The world is becoming more connected every year. This applies to both our personal lives and our business lives as well. Through technology, we’re able to talk to our friends and families all over the world in an instant, and businesses are able to complete transactions, hire staff and conduct various business activities in the same amount of time.
This has opened up the opportunity for businesses to look for arbitrage opportunities when hiring their tech teams through outsourcing positions in other countries to work remotely for them or building complete tech teams there through nearshore outsourcing.
Outsourcing is the delegation of tasks to someone else that’s not part of your company. This can happen in different types of roles from accounting, marketing, all the way to software engineers. Nearshore outsourcing goes one step further and can even act as a natural extension to your core team.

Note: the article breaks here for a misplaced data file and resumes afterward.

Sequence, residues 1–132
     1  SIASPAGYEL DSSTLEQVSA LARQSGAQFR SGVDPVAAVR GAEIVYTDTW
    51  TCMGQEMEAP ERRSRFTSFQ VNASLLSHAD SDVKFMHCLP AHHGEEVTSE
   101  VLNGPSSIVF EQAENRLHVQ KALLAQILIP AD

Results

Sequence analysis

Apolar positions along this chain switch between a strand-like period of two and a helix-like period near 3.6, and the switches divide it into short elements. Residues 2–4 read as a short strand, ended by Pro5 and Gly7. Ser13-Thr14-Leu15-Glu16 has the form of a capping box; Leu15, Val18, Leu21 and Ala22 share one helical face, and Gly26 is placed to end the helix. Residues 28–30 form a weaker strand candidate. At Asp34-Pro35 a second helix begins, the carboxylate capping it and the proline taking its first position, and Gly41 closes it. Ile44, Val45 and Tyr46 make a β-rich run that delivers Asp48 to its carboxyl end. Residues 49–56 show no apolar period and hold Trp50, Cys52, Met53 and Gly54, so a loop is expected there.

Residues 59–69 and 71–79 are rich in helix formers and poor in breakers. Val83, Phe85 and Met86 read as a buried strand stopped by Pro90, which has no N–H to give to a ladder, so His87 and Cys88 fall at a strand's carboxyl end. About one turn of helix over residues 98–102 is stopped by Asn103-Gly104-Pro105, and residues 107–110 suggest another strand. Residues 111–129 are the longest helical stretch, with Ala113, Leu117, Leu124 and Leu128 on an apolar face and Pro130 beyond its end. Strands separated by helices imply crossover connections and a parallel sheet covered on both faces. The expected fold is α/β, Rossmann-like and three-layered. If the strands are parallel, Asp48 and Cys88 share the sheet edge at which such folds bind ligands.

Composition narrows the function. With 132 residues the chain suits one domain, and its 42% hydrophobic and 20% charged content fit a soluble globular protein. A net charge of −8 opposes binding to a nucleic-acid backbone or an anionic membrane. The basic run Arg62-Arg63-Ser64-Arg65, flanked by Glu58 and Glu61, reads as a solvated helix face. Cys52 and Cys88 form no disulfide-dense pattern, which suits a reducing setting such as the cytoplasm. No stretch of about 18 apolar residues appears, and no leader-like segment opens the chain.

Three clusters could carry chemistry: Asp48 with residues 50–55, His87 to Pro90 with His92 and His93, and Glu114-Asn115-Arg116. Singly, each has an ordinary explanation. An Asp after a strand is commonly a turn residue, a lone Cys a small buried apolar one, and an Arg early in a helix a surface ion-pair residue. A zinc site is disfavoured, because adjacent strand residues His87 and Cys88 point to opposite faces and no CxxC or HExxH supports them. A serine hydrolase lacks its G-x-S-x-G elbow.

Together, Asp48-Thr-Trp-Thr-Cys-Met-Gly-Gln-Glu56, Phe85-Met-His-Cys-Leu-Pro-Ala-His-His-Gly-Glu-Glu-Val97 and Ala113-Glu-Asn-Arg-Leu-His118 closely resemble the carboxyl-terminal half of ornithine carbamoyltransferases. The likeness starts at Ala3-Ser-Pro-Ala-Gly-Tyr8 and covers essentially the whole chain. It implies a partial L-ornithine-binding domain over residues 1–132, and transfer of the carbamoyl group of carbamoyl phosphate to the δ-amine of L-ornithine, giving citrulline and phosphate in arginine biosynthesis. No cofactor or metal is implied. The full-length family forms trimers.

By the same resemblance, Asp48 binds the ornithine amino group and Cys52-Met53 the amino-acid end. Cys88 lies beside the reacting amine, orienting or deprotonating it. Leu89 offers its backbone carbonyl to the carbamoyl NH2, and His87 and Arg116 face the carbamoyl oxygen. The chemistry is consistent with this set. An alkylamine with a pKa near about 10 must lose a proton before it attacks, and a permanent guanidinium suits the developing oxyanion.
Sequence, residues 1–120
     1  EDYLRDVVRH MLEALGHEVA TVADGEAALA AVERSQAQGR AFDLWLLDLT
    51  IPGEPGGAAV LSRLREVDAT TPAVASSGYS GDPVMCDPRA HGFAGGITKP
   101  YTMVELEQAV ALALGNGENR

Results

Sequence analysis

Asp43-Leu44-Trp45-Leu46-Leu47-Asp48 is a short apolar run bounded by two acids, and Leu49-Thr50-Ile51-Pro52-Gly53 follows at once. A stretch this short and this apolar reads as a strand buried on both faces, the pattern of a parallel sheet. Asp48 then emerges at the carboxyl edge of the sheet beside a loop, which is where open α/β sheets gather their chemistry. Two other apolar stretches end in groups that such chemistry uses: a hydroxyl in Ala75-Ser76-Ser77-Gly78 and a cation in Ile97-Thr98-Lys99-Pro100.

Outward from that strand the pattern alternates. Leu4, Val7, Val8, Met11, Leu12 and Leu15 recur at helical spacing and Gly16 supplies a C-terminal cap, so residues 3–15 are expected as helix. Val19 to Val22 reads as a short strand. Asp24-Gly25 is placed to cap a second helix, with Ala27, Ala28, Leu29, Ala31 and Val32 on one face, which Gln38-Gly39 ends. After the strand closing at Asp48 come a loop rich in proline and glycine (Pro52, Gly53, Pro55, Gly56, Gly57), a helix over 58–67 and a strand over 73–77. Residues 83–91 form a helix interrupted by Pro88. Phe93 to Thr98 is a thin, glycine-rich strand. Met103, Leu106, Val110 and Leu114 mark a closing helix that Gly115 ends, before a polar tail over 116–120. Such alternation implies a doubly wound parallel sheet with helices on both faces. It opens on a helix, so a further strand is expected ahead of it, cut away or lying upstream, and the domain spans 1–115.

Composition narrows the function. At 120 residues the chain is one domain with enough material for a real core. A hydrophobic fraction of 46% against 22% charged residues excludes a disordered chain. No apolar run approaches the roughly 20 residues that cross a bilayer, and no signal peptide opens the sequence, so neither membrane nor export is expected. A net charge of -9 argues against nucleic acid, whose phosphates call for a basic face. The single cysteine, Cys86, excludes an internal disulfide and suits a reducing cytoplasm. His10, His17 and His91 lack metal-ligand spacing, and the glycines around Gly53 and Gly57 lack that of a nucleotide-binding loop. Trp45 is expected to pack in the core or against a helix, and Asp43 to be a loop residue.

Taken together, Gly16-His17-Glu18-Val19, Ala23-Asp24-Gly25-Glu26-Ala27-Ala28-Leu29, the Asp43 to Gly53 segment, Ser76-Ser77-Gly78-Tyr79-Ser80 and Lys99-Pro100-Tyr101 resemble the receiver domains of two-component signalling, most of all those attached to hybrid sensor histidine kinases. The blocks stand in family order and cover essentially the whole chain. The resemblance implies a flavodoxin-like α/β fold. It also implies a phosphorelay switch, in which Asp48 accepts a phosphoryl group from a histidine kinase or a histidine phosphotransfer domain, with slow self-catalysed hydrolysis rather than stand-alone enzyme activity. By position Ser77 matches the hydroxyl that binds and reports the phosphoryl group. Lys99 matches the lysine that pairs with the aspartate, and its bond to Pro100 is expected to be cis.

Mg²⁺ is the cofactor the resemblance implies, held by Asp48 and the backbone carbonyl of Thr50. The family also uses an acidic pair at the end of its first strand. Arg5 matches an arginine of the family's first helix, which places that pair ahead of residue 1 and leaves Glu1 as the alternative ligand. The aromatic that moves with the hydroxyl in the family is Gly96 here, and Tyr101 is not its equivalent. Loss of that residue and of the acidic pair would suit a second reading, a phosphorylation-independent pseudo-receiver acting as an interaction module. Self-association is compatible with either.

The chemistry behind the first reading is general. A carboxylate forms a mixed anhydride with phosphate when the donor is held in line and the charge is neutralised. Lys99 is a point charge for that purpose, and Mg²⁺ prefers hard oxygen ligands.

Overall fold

At its very core nearshoring is the outsourcing of tasks, roles, or teams to a neighboring country to where your company is located. In tech, nearshore outsourcing is usually thought of as satellite offices that are completely built from the ground up to work specifically for the company that hires them – an office of fully dedicated outsourced software engineers. Companies use these nearshore tech teams for non-mission-critical roles and support operations.
This is in contrast to offshore outsourcing, which can involve task delegation across the globe. There are many reasons a company might choose to build a team through nearshoring rather than set up an offshore team, and they come in the form of internal and external driving forces.